A Collection of the Best Surf Documentaries Ever Made
Surf documentaries provide a window into the lives of surfers around the world. The following list explores some of the best surfing-related documentaries ever made.
Table of Contents
Kissed by God
The phrase “A.I. Forever” you’ve seen it on shirts, bumper stickers, boards, contest merch and pretty much everything else surf related. And there’s a damn good reason for that. Andy Irons fits right in there amongst surfings Titans. Gone too soon but never forgotten. Released in 2017, Kissed By God dives head first into the life and death of Andy Irons, one of surfings best to ever do it.
On its release I was covering the QS’s first 10’000 event of the year – the Ballito Pro in South Africa. Prior to the premiere the froth was palpable. By the end, the film elicited wet eyes in every direction. Starting at the very beginning of Irons’ life and exploring every aspect of his surfing rise, rivalries, and world titles all the while weaving in Andy’s trials with drug addiction and mental health issues.
Interviews with his brother Bruce, wife Lyndie and some of surfings biggest names paint a picture never before seen of the late legend. Unbelievably raw and honest the films portrayal of the people’s champ will no doubt be the most comprehensive account of Andy Irons, a must watch for every surf fan.
Pioneers or hell-men?
A former pro skater Stacey Peralta, the director behind Dogtown and the Z-Boys, turns his focus toward the surf world to give us Riding Giants. A documentary covering the evolution and rise of big wave surfing through the eyes of 3 of the sports biggest icons; Greg Noll, Jeff Clark and Laird Hamilton.
Beginning in Hawaii ‘the bull’ (Greg Noll) shows you just how big his… bootstraps… are as he tackles giant waves on a massive slab of wood. How he could stand up with nuts that big is beyond me.
From there you take a trip to San Francisco to hear from the man that discovered and surfed Mavericks for 15 long years alone, Jeff Clark. Turning toward the tail end of the film one of the greatest waterman to ever exist, Laird Hamilton, takes centre stage as he revisits the vision he had to tackle Tahiti and surf Teahupoo at its ugliest.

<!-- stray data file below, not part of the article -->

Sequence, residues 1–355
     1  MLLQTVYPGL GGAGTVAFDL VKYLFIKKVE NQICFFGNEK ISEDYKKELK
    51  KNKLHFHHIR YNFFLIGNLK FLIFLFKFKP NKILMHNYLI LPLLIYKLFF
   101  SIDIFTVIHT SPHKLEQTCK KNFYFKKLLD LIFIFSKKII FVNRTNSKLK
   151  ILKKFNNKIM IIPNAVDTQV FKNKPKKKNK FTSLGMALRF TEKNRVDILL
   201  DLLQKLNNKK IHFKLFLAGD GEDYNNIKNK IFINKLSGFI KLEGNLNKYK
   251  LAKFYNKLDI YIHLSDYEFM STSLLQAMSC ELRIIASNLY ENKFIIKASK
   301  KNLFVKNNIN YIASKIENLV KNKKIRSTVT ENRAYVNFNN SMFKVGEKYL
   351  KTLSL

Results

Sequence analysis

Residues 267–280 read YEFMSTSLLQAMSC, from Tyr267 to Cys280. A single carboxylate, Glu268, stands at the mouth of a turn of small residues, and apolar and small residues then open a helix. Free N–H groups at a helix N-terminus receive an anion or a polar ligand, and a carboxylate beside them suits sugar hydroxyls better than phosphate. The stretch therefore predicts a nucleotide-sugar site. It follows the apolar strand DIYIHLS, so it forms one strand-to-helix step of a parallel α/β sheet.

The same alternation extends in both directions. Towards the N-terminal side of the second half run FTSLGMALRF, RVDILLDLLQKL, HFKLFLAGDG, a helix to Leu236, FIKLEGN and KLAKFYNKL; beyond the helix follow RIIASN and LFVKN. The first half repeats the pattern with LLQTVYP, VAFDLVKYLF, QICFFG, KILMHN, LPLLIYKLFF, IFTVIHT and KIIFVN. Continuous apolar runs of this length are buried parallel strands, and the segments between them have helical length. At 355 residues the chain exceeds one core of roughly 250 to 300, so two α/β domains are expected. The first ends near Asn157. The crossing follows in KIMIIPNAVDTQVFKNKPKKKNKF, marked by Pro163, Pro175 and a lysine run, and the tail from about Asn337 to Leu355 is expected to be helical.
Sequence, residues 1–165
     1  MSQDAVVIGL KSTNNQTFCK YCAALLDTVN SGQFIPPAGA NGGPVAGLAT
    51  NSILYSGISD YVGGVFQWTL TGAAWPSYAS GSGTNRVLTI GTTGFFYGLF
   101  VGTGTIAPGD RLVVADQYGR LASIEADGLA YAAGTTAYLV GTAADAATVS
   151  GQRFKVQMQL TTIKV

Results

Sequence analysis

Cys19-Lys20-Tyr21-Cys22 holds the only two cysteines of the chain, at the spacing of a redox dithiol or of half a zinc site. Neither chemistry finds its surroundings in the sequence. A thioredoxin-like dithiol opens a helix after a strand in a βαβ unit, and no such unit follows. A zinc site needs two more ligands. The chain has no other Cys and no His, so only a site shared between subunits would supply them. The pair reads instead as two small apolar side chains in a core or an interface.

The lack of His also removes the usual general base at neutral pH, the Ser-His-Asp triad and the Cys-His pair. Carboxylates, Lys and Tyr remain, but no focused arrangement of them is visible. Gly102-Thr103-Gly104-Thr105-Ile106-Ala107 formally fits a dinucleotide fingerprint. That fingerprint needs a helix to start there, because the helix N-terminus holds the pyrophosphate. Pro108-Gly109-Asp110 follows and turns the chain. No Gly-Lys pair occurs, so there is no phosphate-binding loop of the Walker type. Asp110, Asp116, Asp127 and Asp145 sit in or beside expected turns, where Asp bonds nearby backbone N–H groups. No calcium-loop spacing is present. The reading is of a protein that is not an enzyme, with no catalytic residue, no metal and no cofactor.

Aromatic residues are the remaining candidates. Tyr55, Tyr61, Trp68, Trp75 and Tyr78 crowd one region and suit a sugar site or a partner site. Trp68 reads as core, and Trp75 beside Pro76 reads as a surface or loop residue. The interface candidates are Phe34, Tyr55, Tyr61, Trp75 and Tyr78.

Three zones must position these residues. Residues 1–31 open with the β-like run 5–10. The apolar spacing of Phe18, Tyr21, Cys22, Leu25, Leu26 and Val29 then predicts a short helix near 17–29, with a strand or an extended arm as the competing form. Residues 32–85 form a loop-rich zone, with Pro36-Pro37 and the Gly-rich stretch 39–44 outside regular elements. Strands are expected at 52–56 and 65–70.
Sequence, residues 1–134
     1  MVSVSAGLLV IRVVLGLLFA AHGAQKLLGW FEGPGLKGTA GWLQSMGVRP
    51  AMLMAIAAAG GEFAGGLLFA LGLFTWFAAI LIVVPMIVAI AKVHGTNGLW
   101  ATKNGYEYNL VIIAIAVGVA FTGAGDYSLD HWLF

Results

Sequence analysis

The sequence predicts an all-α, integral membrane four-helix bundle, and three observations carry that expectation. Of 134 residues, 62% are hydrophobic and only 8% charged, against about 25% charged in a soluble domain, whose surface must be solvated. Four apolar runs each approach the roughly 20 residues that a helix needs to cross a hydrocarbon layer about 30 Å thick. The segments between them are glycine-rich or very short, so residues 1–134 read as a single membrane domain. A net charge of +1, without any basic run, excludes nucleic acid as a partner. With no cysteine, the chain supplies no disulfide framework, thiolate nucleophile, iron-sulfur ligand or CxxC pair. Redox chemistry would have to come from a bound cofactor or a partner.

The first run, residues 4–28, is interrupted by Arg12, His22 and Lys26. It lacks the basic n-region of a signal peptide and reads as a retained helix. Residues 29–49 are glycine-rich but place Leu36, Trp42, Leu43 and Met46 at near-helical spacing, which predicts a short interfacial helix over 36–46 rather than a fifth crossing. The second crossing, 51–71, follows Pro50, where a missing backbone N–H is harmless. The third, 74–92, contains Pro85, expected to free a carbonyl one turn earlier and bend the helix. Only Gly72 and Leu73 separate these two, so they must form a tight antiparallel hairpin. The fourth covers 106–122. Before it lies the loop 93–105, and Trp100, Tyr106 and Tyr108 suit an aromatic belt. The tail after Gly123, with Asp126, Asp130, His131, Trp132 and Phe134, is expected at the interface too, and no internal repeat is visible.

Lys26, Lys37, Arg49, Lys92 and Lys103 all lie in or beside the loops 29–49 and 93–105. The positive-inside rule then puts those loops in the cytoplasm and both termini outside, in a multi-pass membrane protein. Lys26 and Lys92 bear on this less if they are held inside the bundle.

Big wave surfing is not for everyone, but watching Riding Giants most definitely is.
Yours and mine, the hero’s of the 90s.
The film, through its narrative, will resonate with every surfer out there. The film chronicles the raise of the ‘Moment Generation’ as it makes use of a library of largely unseen archival footage, shot by Taylor Steele in the early nineties. In-depth interviews with the likes of Kelly Slater, Ross Williams, Rob Machado, Tom Carrol and more bring this throwback feature to life.
Momentum Generation unmasks a collective bunch of misfits who would later become some of the biggest names on the surfing map. Lives and careers we all thought we knew inside and out are explored from the beginning till now. Early-life hardship, tragedy, and competition make for an enduring first hand account of surfings royalty.
If there was ever a surfing docco that’ll make you want to box your grandma… it’s this one!
Life in the early 2000’s in a neglected Sydney suburb, this documentary focusses in on surf cultures roots in the area of Maroubra with the primary finger pointed the way of the Bra Boys surf ‘gang’. It’s dark, punk rock undertone helps highlight what happens when the primal nature of surf tribalism takes hold of a community. A community which back then was still in the hangover of historical oppression mixed with blue collar societal pressures. Making use of old footage a pretty awesome atmosphere is created throughout. If you’ve seen it you know what I’m talking about, if you haven’t you will!
Beyond the gang the spotlight falls on the Abberton family and the high profile murder case in which they’re involved. Directed by Sunny Abberton, the families oldest brother, the documentary is able to bring real emotions to the for-ground as he and his brothers tell the story through their own accounts.
Apparently size does matter.